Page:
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Tick, mosquito numbers on the rise in Mid-Missouri

Tick, mosquito numbers on the rise in Mid-Missouri

July 15th, 2019 by Shelby Matthews in News

Also called wood ticks, dog ticks are most likely to bite people during spring and summer.

Photo by Submitted photo

With receding floodwater and warm weather, people can expect to see a rise in the number of ticks and mosquitoes in Mid-Missouri.

Warm and humid weather provides a conducive environment for these insects and increases their available breeding grounds. When the temperature is 70-90 degrees, tick and mosquito populations increase.

Ticks and mosquitoes can carry diseases such as West Nile virus, Zika virus and Lyme disease. The nearest cases of West Nile virus to Cole County were recorded in Boone County in 2015 and 2018, according to the U.S. Centers for Disease Control and Prevention.

There are many different ways to prevent being affected by these nuisances for yourself, your yard and your pets.

There are a number of ways people can prevent themselves from falling victim to ticks and mosquitoes, and it can start with clothing.

Cole County Environmental Supervisor Joe Gasser recommends wearing white clothing.

"Wear white clothing, wear bug spray, be aware of their environment," Gasser said.

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Mike Sapp, Cole County health code compliance officer, also recommends Permethrin.

"This is something that you can spray on your clothes, but just your clothes and not skin," Sapp said. "It is a chemical product that could cause irritation to skin if contact is made.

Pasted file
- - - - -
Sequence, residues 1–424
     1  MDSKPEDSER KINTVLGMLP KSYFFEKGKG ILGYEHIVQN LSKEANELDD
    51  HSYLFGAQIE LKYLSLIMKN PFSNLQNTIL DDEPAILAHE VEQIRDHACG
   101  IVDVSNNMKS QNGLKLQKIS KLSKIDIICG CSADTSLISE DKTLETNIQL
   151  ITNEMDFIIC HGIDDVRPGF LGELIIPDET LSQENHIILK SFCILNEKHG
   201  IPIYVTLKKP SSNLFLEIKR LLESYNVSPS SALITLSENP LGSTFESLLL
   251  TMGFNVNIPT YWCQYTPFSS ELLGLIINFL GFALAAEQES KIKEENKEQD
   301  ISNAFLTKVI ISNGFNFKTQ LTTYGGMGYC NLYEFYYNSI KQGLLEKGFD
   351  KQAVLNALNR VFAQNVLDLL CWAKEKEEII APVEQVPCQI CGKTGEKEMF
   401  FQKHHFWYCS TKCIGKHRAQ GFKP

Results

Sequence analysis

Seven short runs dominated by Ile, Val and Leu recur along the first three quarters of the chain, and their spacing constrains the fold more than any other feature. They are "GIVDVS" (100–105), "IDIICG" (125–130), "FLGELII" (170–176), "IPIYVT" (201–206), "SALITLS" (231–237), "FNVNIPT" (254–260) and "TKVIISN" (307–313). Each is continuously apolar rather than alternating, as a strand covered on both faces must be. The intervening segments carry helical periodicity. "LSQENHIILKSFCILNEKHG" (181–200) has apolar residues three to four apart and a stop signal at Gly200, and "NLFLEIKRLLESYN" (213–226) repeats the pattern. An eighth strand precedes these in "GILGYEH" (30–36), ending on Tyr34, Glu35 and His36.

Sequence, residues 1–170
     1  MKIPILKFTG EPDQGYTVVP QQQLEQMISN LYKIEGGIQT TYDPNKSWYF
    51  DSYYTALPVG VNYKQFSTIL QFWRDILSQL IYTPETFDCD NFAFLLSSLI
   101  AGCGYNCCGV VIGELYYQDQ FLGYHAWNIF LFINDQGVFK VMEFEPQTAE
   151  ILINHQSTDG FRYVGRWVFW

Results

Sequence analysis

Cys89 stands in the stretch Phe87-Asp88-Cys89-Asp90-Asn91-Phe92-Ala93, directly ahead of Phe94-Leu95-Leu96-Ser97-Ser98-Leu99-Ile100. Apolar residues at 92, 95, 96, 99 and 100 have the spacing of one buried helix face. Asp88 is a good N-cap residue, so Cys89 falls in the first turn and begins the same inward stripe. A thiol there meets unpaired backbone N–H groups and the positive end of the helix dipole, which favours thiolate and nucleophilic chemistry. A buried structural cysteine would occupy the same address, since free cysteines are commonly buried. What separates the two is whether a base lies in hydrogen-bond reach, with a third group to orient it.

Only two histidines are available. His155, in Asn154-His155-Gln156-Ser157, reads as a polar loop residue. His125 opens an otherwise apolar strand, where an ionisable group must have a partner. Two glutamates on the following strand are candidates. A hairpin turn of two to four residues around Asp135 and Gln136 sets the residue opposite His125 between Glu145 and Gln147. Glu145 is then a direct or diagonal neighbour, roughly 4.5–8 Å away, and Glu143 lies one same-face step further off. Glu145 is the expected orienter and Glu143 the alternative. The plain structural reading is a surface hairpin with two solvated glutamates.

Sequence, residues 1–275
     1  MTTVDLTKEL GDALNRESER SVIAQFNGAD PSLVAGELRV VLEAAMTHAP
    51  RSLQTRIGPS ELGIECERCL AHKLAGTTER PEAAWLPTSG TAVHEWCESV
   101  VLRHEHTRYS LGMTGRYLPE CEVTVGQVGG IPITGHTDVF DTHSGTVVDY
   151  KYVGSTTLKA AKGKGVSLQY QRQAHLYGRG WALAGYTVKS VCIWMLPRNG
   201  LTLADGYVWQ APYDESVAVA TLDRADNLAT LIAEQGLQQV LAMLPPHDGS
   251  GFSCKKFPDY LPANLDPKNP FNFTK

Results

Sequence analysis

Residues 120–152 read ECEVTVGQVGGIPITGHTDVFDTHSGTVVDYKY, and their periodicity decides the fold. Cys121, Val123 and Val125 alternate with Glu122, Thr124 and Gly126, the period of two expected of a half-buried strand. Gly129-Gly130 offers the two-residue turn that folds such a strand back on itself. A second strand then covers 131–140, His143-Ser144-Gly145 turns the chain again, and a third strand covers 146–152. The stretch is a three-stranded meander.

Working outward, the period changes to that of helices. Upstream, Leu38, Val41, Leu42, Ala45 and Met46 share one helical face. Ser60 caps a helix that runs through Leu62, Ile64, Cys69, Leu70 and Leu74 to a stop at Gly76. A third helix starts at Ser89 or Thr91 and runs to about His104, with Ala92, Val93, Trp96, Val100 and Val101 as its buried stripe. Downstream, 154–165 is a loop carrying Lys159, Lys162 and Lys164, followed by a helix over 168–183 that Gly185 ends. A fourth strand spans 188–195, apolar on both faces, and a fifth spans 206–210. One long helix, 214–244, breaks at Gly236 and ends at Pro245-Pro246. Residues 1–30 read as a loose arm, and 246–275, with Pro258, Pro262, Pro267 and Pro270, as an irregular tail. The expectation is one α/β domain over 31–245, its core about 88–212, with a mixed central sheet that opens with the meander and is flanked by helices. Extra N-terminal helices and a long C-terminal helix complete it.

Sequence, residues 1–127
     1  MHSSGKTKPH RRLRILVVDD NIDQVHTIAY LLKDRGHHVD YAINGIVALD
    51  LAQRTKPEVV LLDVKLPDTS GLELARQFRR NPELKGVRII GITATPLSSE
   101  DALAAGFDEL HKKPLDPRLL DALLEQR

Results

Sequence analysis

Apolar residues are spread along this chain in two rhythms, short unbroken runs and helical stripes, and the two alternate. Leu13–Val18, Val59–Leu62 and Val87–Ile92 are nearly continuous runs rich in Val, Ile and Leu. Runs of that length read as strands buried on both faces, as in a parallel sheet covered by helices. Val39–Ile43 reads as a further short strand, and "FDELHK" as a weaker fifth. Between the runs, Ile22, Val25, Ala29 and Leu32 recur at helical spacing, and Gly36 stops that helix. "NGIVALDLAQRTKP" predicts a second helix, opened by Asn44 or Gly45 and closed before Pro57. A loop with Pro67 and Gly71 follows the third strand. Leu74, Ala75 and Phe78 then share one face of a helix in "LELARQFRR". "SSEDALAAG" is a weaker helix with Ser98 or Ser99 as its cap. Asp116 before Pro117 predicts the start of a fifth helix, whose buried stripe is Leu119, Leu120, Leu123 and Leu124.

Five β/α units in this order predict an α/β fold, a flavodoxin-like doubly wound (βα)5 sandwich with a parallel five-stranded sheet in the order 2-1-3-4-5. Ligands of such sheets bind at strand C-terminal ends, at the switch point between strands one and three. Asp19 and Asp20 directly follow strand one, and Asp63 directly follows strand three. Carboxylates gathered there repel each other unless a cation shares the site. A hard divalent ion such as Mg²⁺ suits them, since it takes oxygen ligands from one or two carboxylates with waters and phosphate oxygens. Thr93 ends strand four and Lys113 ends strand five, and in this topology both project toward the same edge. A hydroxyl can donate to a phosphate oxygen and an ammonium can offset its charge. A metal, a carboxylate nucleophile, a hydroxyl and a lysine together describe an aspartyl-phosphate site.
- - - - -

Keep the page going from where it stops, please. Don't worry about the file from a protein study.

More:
If someone does end up with a tick on them, the goal would be to get it off as soon as possible.

"If it's not latched on to you, it is less of a concern," Gasser said. "But if it is, what you want to do is get a pair of tweezers and get as close as possible to it before pulling it out, then get a cotton swab and thoroughly clean it."

Jeannette Bernskoetter at Art's Pest Control said the first step to preventing mosquitoes in a yard is eliminating their breeding grounds.

"Keep your gutters clean; and keep your birdbaths, old tires, wheelbarrows and swimming pool covers free of standing water," Bernskoetter said.

She also recommends leveling out soil in low parts of the yard.

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Ticks like tall grass and shaded areas, Bernskoetter said.

"It's important to keep your lawn mowed and remove leaves and other debris," she said. "The more sun that hits your yard, the better for keeping ticks away."

Pest control businesses also offer services to help control these insects.

Ticks can also be an issue for animals when the grass is taller. The National Pest Management Association recommends tick-prevention collars along with inspecting pets when they come inside.

As with humans, the best method to remove ticks is with tweezers, grabbing them as close as possible to the skin.

Pets are also susceptible to diseases like West Nile virus from mosquito bites. They can also contract heartworm disease.

Pet owners are encouraged to make sure there are no areas of water in their yard, as mosquitoes only need a half-inch of water to breed.

Pet owners should consult with a veterinarian before spraying bug spray.